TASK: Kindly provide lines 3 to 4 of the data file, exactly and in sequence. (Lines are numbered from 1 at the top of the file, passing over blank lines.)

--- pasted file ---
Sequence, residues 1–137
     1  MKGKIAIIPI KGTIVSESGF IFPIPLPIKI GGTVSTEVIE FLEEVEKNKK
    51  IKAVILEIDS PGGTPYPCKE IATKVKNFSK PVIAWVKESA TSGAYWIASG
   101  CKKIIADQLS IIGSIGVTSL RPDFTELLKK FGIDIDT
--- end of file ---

    51  IKAVILEIDS PGGTPYPCKE IATKVKNFSK PVIAWVKESA TSGAYWIASG
   101  CKKIIADQLS IIGSIGVTSL RPDFTELLKK FGIDIDT